What does it mean to f-ee-ee-l? Opening of the Bob Dylan museum in Tulsa

Dylan won't be there unless he surprises everybody.

What does it mean to f-ee-ee-l? Opening of the Bob Dylan museum in Tulsa

Dylan won't be there unless he surprises everybody.

Patti Smith, Elvis Costello and Mavis Staples are among the dignitaries who will be in Tulsa this weekend to celebrate the opening of The Bob Dylan Center, a museum and archive that honors the Nobel laureate.

Steven Jenkins, the center director, stated that the subject of the center and its namesake is welcome to visit anytime. However, his absence seems perfectly natural. Dylan was in Tulsa just three weeks ago to perform on his concert tour. He was sandwiched between Little Rock and Oklahoma City. He didn't request a tour.

Jenkins stated, "I don’t want to put words into his mouth." I can only guess at his reasoning. It's possible he would find it embarrassing.

Although it is unusual for Dylan, a living person, to have a museum dedicated to him -- Dylan will turn 81 in May -- such is his influence on popular music since the 1960s. He is still active, performing onstage at a show that focuses mainly on his latest material.

He's pushing the boundaries. Dylan's almost 17-minute rant on Kennedy's assassination is "Murder Most Foll", and it's as stunning as "Like a Rolling Stone" nearly a century ago. Even though he's not the center of popular culture anymore,

The center features an immersive film experience, performance area, and a studio where visitors can "mix" and produce Dylan's songs. It also offers a curated tour that allows people to take a musical journey through Dylan's career. There are more than 100,000 items in the archive, some of which can only be accessed by scholars who have made an appointment.

According to designer Alan Maskin from Olson Kundig, museum creators wanted to create an experience that was both accessible for casual visitors, who may not be familiar with Dylan's work, and for those who are more knowledgeable -- such as the swimmers, skimmers and divers.

The museum hopes that it will celebrate creativity in general. At opening, the museum will feature an exhibit of Jerry Schatzberg's work, which is displayed on the three-story façade. Its 1965 photograph of Dylan is prominently displayed.

Jenkins stated that Dylan is still creating and "we're going continue to play catch up" with him.

How does it happen that a museum dedicated to his life's work is located in Oklahoma, when a Minnesota-born figure was raised and became a musician in New York?

Jenkins stated that Dylan was not a nostalgic person, but he recognized from an early age that his work might have historical value and interest. He and his team put aside boxes of artifacts including rare recordings and handwritten words that document the revisions and rewrites of his songs.

Two of the first displays will use those lyrics to show how "Jokerman", and "Tangled Up in Blue" were created. The latter song featured lyrics so flexible that Dylan would still change verses long after the song was released.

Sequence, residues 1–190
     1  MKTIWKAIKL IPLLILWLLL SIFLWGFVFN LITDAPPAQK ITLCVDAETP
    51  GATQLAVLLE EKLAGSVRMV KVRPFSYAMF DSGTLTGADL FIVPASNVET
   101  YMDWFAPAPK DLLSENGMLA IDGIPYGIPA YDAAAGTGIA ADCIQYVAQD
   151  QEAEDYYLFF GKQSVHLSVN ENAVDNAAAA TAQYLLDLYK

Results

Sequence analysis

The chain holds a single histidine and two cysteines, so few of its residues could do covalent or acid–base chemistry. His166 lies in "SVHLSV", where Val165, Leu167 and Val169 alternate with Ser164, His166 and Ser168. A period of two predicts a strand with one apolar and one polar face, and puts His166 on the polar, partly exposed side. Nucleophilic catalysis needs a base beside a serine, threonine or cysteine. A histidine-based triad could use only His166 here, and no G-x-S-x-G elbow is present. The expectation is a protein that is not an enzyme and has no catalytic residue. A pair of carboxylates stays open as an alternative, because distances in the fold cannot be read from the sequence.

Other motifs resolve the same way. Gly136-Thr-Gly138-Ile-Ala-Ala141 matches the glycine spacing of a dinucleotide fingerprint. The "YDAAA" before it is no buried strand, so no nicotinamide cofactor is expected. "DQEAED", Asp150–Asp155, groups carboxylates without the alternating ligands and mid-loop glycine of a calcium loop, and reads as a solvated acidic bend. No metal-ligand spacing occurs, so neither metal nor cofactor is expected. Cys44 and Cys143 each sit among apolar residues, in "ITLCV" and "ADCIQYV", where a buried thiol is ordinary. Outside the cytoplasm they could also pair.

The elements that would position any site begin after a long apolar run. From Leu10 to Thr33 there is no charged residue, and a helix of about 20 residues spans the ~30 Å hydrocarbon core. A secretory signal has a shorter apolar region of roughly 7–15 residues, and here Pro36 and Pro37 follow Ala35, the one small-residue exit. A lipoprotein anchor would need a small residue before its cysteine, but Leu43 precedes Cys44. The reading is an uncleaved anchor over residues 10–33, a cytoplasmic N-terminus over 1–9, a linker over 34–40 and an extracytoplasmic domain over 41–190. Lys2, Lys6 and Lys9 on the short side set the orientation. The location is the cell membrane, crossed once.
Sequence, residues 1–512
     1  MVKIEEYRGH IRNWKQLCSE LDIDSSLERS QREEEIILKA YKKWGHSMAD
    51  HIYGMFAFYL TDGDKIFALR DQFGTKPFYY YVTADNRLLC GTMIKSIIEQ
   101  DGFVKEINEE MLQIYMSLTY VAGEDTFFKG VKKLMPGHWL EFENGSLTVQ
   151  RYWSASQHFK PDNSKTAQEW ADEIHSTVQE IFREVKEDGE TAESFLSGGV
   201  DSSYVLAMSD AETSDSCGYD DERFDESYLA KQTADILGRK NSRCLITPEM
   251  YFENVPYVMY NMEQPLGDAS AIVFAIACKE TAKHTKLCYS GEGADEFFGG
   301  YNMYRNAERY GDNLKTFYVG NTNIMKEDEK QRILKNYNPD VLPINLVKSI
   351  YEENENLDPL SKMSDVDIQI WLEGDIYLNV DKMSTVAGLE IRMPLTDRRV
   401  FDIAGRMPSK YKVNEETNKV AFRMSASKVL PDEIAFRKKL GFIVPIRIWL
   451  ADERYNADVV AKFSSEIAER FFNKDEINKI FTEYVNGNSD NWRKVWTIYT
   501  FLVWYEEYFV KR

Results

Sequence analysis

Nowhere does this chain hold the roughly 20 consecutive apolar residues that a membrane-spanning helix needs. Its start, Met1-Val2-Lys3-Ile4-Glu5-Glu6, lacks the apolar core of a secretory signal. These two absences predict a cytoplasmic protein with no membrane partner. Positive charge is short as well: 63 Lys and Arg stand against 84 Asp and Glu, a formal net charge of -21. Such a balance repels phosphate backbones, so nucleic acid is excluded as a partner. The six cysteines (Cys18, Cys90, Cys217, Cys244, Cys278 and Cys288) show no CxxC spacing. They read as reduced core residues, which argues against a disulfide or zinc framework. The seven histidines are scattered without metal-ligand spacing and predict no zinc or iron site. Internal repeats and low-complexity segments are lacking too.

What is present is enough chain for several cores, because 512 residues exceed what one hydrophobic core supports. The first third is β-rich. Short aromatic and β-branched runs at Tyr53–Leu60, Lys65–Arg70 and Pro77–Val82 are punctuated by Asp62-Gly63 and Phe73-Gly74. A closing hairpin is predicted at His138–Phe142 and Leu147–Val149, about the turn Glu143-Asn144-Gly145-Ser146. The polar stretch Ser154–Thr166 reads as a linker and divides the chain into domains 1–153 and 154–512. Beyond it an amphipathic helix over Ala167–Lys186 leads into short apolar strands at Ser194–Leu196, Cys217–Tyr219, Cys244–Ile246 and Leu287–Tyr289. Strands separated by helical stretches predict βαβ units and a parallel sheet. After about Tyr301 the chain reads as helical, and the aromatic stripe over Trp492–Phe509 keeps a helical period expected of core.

Dylan sold his archive to the George Kaiser Family Foundation in Tulsa, Oklahoma, in 2016. This foundation also runs the Woody Guthrie Center, a museum that honors Dylan's musical heroes. It is just steps from the new Dylan center.

Jenkins stated that Dylan enjoys the Guthrie Museum and appreciates Tulsa’s extensive collection of Native American art. Many of these items are on display at the Gilcrease Museum, which also houses the largest collection of American West art in the world.

G. T. Bynum, Tulsa Mayor, stated that he believes it will be a tourist attraction to Tulsa because of all the right reasons. "This is one the greatest musicians of all time and anyone who wishes to learn more about his career and witness the evolution of his talents will be attracted to it."

Bynum hopes it will encourage others to do the same and make Tulsa an institution for studying modern American music.

Dylan created and constructed a 16-foot tall metal sculpture that will be displayed at museum's entrance. Aside from that, Dylan had no involvement in the design of the museum and declined to comment on the opening through a spokesperson.

Maskin stated that if Bob had told us what we could and couldn't do it, it would have felt like a vanity endeavor. It was a great relief not to have Bob Dylan satisfy me.

It's safe to assume that communication lines are open in case of emergency: Jenkins, the center director, is Dylan's brother and long-time media representative.

Costello, Smith, and Staples will perform their own concerts in Cain's Ballroom. Steven Jenkins stated that Costello was asked by Steven Jenkins to program the jukebox, which will be displayed at the museum. Within a day, he submitted 160 Dylan songs and covers.

The Bob Dylan Center will be open to the public starting May 10.

Maskin doesn't believe Dylan will ever see his work. He still indulges in a fantasy of a lazy summer day, a security officer dozing in the corner, someone sneaking in in black jeans, sunglasses, and a familiar mop to wander among the displays.

He said, "To be truthful, I don't believe that's going to occur." He said, "I believe he is interested in the work that he does, not what he has done."

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